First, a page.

> “Knecht Ruprecht is Saint Nicholas' most familiar attendant in 
> Germany. According to some stories, Ruprecht began as a farmhand; in 
> others, he is a wild foundling 
> <https://en.m.wikipedia.org/wiki/Child_abandonment> whom Saint 
> Nicholas raises from childhood.
> Ruprecht wears a black or brown robe with a pointed hood. Sometimes he 
> walks with a limp, because of a childhood injury. He can be seen 
> carrying a long staff and a bag of ashes, and on occasion wears little 
> bells on his clothes.^[2] 
> <https://en.m.wikipedia.org/wiki/Knecht_Ruprecht#cite_note-Thorpe-2> 
> Sometimes he rides on a white horse, and sometimes he is accompanied 
> by fairies or men with blackened faces dressed as old women.^[2] 
> <https://en.m.wikipedia.org/wiki/Knecht_Ruprecht#cite_note-Thorpe-2>
> According to Alexander Tille 
> <https://en.m.wikipedia.org/wiki/Alexander_Tille>, Knecht Ruprecht 
> originally represented an archetypal manservant, "and has exactly as 
> much individuality of social rank and as little personal individuality 
> as the Junker Hanns and the Bauer Michel, the characters 
> representative of country nobility and peasantry respectively."^[3] 
> <https://en.m.wikipedia.org/wiki/Knecht_Ruprecht#cite_note-tille-3> 
>  Tille also states that Knecht Ruprecht originally had no connection 
> with Christmastime.^[3] 
> <https://en.m.wikipedia.org/wiki/Knecht_Ruprecht#cite_note-tille-3> 
> Ruprecht was a common name for the Devil 
> <https://en.m.wikipedia.org/wiki/Devil> in Germany”
> Nicholas’s companions are also thought of as kobolds or house spirits. 
> Bad children are punished by being thrown in sacks and beaten or 
> thrown in the river.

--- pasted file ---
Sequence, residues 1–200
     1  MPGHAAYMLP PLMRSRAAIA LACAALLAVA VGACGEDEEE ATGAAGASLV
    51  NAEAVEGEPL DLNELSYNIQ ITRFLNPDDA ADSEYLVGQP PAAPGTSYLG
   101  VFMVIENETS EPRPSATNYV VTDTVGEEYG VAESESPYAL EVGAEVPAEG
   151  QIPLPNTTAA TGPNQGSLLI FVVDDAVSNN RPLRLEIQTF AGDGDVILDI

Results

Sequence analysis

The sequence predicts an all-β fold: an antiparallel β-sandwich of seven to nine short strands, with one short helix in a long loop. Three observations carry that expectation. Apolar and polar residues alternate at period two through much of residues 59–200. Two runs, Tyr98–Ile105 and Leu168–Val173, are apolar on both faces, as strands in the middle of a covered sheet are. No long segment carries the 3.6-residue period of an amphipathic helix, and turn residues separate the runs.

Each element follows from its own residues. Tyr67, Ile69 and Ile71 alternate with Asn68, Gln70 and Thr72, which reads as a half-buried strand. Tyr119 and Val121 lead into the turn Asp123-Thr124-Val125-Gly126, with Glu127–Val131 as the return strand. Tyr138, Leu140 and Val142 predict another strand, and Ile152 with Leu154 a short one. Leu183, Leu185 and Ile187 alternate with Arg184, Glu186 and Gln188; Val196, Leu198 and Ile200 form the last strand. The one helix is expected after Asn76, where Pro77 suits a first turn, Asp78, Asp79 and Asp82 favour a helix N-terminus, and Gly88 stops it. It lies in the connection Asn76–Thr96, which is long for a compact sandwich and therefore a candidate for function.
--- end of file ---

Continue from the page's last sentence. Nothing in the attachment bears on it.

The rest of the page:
> When bax asks nick if mr Black is dead, a non sequitur on both parts 
> occurs. He answers “you, um. Sir. Or the boys, sir. Emlyn, I would 
> think. Or both, sir.”
> “I did not kill him, Nick. I have never killed anyone...”
> “Sir?” (258)
> The question here might indicate that nick is not talking about 
> someone being killed - and he is saying that perhaps both of the boys 
> are dead, grammatically. Unfortunately, there are still some aspects 
> this really does not explain (Ambrosius, whose name means “immortal” 
> being strangled by Goldwurm and thrown into the river, though Nicholas 
> has hands which strangle. And how this overlays with Ted Griffin and 
> Doris, though the names Ted, Ieuan, and Doris all mean “gift” - st 
> Nick gives them, after all. But at the end there are only lupine and 
> (two) emlyns. Kate Finn and Cathy Ruth have first names which mean 
> clear or pure - the last name of Thelma Nabor means to cleanse or 
> purify. The victims of the wolf attack are Martha murrey’s neighbor 
> and a nurse (she wanted to be a nurse). Finn’s last name means fair or 
> white - Ruprecht means bright.
> Bax rejects the valuable gift he was given and has to pay the price. 
> But there are still some things, like what happened forty years ago, 
> that make little sense and require huge amounts of extrapolation. 
> Staff, horse, gift, blackface (metaphorically), Devil, House spirit 
> and the name Nick might invoke Ruprecht here, but I don’t think this 
> is very fair.